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Leading global car-makers make hydrogen pledge

Hydro-gen next: While hydrogen-powered cars may sound like a futuristic flight of fancy to some, car-makers such as Toyota have already developed fully fledged FCEVs for sale in international markets.

Hydrogen Council forms to accelerate hydrogen tech development and global adoption

General News logo30 Jan 2017

THIRTEEN international companies, including car-makers BMW, Daimler, Honda, Hyundai and Toyota, have come together in Davos, Switzerland, to form a committee to push hydrogen as a viable and sustainable alternative energy source around the world.

The alliance, dubbed the Hydrogen Council, is set to outline the benefits of hydrogen-derived energy solutions – including fuel-cell technology – to businesses, policy-makers and international agencies in a bid to get stakeholders on-board.

A number of car manufacturers have already developed hydrogen-powered fuel-cell electric vehicles (FCEVs) for mass production, including Toyota (Mirai), Honda (Clarity Fuel Cell), Hyundai (ix35 FCEV) and Mercedes-Benz (F-Cell), while various other companies have dipped their toe into hydrogen technology development including Ford, Nissan and Chevrolet.

FCEVs are able to produce electricity from a hydrogen chemical reaction and emit only water vapour, making them an attractive alternative to pure-electric vehicles and and plug-in hybrid electric vehicles (PHEVs) which can require lengthy battery recharging times and, in the case of hybrids, still produce harmful emissions.

However, mass-market FCEV adoption has been largely hampered by a lack of hydrogen refuelling infrastructure, something council members aim to address as they “accelerate their significant investment in the development and commercialisation of the hydrogen and fuel-cell sectors”.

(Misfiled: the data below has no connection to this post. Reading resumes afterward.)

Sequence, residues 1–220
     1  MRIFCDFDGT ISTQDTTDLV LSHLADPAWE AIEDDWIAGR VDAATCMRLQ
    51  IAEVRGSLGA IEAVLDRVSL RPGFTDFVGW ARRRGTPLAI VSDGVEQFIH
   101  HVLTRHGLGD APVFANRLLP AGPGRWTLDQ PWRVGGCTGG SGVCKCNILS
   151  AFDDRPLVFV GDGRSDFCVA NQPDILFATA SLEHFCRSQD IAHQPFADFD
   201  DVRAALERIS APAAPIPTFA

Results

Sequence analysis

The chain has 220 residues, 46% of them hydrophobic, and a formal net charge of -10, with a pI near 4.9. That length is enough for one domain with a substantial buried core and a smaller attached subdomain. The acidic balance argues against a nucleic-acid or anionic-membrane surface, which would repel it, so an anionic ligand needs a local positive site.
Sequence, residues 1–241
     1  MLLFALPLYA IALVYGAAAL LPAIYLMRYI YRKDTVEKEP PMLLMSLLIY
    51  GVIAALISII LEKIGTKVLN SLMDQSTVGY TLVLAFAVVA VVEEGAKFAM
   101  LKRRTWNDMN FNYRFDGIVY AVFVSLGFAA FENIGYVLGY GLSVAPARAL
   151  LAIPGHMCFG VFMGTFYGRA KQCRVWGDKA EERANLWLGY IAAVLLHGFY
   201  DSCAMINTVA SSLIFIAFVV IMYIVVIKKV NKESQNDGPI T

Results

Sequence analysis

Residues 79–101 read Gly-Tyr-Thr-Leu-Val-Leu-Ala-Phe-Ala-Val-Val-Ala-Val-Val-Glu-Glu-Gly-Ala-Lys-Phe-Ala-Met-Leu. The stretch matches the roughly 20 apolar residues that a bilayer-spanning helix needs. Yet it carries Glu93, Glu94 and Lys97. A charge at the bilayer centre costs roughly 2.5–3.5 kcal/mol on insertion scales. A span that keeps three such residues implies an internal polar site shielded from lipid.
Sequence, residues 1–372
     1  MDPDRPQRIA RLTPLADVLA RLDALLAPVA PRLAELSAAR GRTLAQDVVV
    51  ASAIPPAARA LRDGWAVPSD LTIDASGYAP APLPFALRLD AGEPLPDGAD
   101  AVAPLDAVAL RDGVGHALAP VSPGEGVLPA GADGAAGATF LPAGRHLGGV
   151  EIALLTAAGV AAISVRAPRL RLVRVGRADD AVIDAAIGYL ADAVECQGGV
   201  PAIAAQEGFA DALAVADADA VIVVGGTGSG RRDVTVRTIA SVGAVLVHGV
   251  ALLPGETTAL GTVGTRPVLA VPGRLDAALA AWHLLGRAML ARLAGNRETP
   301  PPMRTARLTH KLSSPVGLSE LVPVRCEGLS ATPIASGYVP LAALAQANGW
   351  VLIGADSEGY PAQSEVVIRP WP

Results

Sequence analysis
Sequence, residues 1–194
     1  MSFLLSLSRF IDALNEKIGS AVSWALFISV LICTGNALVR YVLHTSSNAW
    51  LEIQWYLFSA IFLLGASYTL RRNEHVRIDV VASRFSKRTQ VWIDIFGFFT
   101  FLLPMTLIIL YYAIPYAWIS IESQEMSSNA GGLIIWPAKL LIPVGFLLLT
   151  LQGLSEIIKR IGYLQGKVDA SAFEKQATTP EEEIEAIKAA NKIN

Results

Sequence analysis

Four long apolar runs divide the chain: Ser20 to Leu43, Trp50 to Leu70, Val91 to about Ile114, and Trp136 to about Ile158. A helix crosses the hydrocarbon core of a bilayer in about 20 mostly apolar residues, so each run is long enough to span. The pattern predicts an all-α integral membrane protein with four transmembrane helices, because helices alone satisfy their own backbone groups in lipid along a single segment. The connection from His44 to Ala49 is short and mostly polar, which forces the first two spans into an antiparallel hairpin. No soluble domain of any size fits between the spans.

Last year, Toyota Australia built its own mobile hydrogen refuelling station to tour the country in a bid to garner interest from government and investors in the new technology, while Hyundai Motor Co Australia sold a fleet of 20 FCEVs to the ACT government and has a refuelling station at its headquarters in Macquarie Park, Sydney.

The investment in hydrogen is said to total around €1.4 billion ($A1.99 billion) each year from the council members, which also include Air Liquide, Alstom, Anglo American, Engie, Royal Dutch Shell (in partnership with Kawasaki Heavy Industries), The Linde Groupe and Total.

Air Liquide CEO and Hydrogen Council co-chair Benoit Potier said proactive action needs to be taken by big business and government to reduce fossil fuel emissions.

“The 2015 Paris agreement to combat climate change is a significant step in the right direction but requires business action to be taken to make such a pledge a reality,” he said.

“But we cannot do it alone. We need governments to back hydrogen with actions of their own – for example, through large-scale infrastructure investment schemes. Our call today to world leaders is to commit to hydrogen so that together we can meet our shared climate ambitions and give further traction to the emerging hydrogen ecosystem.”

Toyota chairman and council co-chair Takeshi Uchiyamada said hydrogen technology would also benefit many industries, not just the automotive and transportation sectors.

“The Hydrogen Council will exhibit responsible leadership in showcasing hydrogen technology and its benefits to the world,” he said. “It will seek collaboration, cooperation and understanding from governments, industry and most importantly, the public.

“We know that in addition to transportation, hydrogen has the potential to support our transition to a low-carbon society across multiple industries and the entire value chain. The Hydrogen Council aims to actively encourage this transition.”

Hyundai Motor Company vice-chairman and head of R&D Woong-Chul Yang said partnering with more than just automotive brands will help legitimise hydrogen as a viable alternative fuel source.

“Since the early 1990s, major automotive OEMs considered fuel cell as an ultimate future powertrain,” he said. “After two decades, the major technical barriers of fuel cell are solved and it is now ready for commercialisations.

“But there were limitations before in popularisation of the fuel cell vehicles by the automotive industry alone. Hydrogen Council will provide a platform where global business leaders in different sectors can cooperate together and accelerate the common goal of realising the hydrogen economy.”

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